I love the submarine sonar-esque sounds in Think of Me, well the instrumental in general. Listening to it, it seems strange that there was ever a time where Madonna could be ignored.

The middle eight of Physical Attraction is wonderful, and the best part of the song, along with the spoken bit, but it is a great song as a whole.


I really love this album. It's my second-favourite 80s Madonna album (after Like a Prayer). I love the frailty of Madonna's early vocals. You can feel the strain and the emotion in them. I won't give a score, because I find it impossible to be impartial towards Madonna.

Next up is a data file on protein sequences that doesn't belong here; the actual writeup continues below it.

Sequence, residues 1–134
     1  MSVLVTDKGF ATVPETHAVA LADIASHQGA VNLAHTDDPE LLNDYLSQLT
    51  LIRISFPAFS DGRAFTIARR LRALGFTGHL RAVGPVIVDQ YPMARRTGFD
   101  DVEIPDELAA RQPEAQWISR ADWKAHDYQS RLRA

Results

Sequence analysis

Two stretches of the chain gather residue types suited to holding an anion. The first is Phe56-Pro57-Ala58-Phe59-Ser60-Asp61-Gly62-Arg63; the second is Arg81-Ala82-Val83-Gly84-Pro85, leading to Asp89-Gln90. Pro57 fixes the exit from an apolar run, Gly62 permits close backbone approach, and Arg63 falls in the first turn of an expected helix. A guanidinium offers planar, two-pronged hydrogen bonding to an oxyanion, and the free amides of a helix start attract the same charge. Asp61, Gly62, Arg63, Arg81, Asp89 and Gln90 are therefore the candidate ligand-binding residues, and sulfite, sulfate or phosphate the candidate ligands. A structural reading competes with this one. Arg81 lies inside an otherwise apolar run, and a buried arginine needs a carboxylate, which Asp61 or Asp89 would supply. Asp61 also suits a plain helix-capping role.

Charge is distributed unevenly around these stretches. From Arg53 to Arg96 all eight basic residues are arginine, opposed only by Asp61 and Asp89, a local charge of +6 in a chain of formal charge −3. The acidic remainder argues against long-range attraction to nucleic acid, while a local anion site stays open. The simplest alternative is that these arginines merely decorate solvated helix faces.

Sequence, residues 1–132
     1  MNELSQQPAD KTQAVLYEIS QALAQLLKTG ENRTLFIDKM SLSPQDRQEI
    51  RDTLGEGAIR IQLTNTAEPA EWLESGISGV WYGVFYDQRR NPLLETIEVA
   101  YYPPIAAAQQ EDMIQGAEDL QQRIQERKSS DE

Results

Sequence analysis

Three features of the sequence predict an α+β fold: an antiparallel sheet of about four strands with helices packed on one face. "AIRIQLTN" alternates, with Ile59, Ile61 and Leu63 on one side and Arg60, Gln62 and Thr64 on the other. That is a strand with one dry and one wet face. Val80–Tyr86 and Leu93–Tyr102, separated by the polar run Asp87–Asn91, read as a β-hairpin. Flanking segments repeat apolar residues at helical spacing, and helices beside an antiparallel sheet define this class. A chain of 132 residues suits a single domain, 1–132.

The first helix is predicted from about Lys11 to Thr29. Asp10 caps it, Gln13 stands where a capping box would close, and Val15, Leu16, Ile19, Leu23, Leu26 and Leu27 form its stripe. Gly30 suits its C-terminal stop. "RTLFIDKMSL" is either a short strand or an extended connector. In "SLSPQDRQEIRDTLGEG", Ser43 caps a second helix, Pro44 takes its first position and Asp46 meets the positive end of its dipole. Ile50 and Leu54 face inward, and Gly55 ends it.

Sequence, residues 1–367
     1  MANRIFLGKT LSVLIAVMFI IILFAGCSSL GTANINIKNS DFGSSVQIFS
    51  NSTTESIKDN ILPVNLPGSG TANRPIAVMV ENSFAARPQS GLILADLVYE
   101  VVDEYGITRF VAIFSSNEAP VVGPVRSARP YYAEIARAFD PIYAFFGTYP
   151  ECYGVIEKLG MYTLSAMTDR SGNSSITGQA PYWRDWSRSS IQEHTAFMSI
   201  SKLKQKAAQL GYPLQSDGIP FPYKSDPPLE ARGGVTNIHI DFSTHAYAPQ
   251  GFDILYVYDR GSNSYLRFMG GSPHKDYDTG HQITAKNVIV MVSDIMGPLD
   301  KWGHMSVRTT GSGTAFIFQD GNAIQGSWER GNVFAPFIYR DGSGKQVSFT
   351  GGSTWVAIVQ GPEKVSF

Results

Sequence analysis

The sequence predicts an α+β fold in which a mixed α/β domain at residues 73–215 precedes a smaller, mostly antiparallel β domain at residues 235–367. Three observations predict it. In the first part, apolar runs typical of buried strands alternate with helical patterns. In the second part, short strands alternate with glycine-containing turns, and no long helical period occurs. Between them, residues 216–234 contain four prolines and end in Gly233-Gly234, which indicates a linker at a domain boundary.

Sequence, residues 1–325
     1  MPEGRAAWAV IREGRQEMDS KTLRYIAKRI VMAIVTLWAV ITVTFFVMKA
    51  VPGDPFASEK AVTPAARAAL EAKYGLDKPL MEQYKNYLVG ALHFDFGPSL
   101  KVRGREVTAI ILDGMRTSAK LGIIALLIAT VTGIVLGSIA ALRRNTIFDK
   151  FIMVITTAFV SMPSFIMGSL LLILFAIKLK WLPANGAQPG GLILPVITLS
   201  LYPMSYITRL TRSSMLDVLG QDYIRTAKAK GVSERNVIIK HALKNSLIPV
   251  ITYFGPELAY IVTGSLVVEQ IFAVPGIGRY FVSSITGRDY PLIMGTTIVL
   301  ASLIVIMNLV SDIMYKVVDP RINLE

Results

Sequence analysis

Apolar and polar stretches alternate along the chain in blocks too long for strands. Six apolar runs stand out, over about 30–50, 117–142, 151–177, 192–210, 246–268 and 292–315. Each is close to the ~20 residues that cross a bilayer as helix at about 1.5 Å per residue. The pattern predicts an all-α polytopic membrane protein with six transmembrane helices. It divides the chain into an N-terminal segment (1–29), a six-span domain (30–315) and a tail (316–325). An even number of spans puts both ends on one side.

Madonna spraypainted (her then manager) Camille's two poodles with the words FUCK and SEX.

"Warners don't know how to push me, whether to push me as a disco artist or as new wave because of the way I look. I'd rather just start another category." Madonna, shortly before Madonna was released.

"I'm going to rule the world. I'm going to be bigger than Jesus." Madonna, during an interview on Dick Clark's American Bandstand.

I'll post more Facts and Quotes later.